At some point in 2012, Plaintiff, concerned with the performance of his investments and the circumstances surrounding his purchases retained legal representation. On July 30, 2012, Plaintiff furnished a demand letter on Defendant seeking more than $160, 000 in total damages, and advancing a number of possible legal claims. (Doc. 43-25 at 1-7). Plaintiff's efforts were unsuccessful, however, and he filed suit in Maricopa County Superior Court on October 15, 2014. (Doc. 1 at 2). On November 18, 2014, Defendant removed the case to this Court.

         Having set forth the pertinent factual and procedural background, the Court now turns to Defendant's pending motion.


         Summary judgment is appropriate when “the pleadings, depositions, answers to interrogatories, admissions on file, and any affidavits show that there is no genuine issue as to any material fact and that the moving party is entitled to judgment as a matter of law.” Assurance Co. of Am. v. Wall & Assocs. LLC of Olympia, 379 F.3d 557 (9th Cir. 2004) (citation omitted); see also Fed. R. Civ. P. 56(a). The movant bears the initial burden of demonstrating to the Court the basis for and the elements of the causes of action upon which the non-movant will be unable to establish a genuine issue of material fact. Celotex Corp. v. Catrett, 477 U.S. 317, 323 (1986). The burden then shifts to the non-movant to establish the existence of a material fact in dispute. Id. The non-movant “must do more than simply show that there is some metaphysical doubt as to the material facts” by “com[ing] forward with ‘specific facts showing that there is a genuine issue for trial.'” Matsushita Elec. Indus. Co. v. Zenith Radio Corp., 475 U.S. 574, 587 (1986) (emphasis in original) (quoting Fed.R.Civ.P. 56(e) (1963) (amended 2010)).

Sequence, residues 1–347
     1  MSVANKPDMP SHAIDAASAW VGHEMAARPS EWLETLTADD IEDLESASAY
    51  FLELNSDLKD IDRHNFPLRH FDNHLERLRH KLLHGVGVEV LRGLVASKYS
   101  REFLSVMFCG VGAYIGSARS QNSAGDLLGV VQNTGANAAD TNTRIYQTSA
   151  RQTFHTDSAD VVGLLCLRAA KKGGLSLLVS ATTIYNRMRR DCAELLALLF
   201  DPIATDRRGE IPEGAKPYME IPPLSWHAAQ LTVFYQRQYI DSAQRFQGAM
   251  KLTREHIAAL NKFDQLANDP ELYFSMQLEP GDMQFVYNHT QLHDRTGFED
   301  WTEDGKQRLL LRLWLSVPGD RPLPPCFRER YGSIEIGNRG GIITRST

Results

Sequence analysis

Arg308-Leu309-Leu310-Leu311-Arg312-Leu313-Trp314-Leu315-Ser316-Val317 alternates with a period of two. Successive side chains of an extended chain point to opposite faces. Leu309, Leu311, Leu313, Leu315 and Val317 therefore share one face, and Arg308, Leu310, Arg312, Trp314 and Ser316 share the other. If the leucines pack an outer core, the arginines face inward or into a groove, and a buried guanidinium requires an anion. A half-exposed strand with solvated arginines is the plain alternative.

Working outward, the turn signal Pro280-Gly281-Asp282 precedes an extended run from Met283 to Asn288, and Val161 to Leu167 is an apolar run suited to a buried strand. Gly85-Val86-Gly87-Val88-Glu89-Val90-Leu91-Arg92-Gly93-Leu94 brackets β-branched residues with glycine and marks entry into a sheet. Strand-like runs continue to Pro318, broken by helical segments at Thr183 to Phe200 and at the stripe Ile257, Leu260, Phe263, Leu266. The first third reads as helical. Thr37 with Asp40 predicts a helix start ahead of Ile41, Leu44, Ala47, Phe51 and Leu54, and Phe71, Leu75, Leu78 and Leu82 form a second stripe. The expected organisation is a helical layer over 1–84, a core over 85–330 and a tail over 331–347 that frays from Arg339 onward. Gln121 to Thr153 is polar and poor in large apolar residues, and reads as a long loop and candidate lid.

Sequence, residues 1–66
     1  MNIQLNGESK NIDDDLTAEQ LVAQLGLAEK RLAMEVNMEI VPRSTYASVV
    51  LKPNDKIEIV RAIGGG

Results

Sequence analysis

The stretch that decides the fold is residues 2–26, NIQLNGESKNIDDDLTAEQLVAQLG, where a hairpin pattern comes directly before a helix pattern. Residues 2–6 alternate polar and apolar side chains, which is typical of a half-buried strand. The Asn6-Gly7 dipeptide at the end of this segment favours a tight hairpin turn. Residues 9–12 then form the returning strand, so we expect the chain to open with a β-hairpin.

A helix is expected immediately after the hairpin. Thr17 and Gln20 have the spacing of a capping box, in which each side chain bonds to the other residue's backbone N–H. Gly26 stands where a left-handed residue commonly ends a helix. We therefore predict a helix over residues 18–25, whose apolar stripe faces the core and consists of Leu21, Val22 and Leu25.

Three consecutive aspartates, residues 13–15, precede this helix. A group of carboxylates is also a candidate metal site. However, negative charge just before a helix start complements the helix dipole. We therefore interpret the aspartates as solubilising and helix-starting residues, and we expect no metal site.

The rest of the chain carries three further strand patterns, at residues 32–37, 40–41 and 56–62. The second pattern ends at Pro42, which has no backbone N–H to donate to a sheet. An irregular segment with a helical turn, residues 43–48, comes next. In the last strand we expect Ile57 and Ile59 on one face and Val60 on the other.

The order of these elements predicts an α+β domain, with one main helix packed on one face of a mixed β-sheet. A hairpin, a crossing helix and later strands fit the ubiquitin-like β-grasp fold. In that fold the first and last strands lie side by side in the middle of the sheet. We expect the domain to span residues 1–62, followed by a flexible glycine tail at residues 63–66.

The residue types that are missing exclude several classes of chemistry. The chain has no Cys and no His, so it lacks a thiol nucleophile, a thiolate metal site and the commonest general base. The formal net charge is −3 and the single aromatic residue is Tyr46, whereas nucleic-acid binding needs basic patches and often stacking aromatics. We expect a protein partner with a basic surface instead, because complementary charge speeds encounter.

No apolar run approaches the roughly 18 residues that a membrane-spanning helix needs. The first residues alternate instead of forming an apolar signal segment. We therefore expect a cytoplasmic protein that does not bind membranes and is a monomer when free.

A dispute about a fact is “genuine” if the evidence is such that a reasonable jury could return a verdict for the non-moving party. Anderson v. Liberty Lobby, Inc., 477 U.S. 242, 248 (1986). The non-movant's bare assertions, standing alone, are insufficient to create a material issue of fact and defeat a motion for summary judgment. Id. at 247- 48. But in the summary judgment context, the Court construes all disputed facts in the light most favorable to the non-moving party. Ellison v. Robertson, 357 F.3d 1072, 1075 (9th Cir. 2004).

         Finally, when deciding a motion for summary judgment, “[t]he court need consider only the cited materials.” Fed.R.Civ.P. 56(c)(3). The Court is under no obligation to “scour the record in search of a genuine issue of triable fact.” Keenan v. Allan, 91 F.3d 1275, 1279 (9th Cir. 1996); Fed.R.Civ.P. 56(c)(3) (noting a court “need[s]” to consider the cited material but “may consider other materials in the record”). And the party opposing that motion must “identify with reasonable particularity the evidence that precludes summary judgment.” Keenan, 91 F.3d at 1279; Orr v. Bank of America, NT & SA, 285 F.3d 764, 775 (9th Cir. 2002) (“The efficient management of judicial business mandates that parties submit evidence responsibly.”). Thus, the party opposing summary judgment cannot simply make broad generalizations supported by pointing to the record as a whole to successfully oppose summary judgment. See Keenan, 91 F.3d at 1279 (criticizing counsel for providing “multiple citations [to the record] in lieu of simply stating the material facts disputed”).


         A. Plaintiff's Failure to Adhere to Local Rule 56.1(b)

         At the outset, the Court must address the insufficiency of Plaintiff's summary judgment filings. Defendant filed a motion for summary judgment in addition to a separate statement of supporting facts, as Local Rule 56.1(a) requires. Plaintiff thereafter filed his opposition on May 25, 2016, but failed to file a separate, contravening statement of facts as mandated by Local Rule 56.1(b).[5] The failure to submit a controverting statement of facts, by itself, can be “fatal” to opposing summary judgment. See Malcolmson v. Topps Co., No. CV-02-2306-PHX-GMS, 2010 U.S. Dist. LEXIS 7680, at *10 (D. Ariz. Jan. 28, 2010) (noting that the plaintiff “effectively admitted” the defendant's “version of the facts . . . because he failed to file a controverting statement of facts in compliance with . . . Local Rule 56.1(b)”); see also Buchanan v. Deutsche Bank Trust Co., No. CV-12-637-PHX-SMM, 2013 U.S. Dist. LEXIS 140843, at *2 (D. Ariz. Sept. 30, 2012).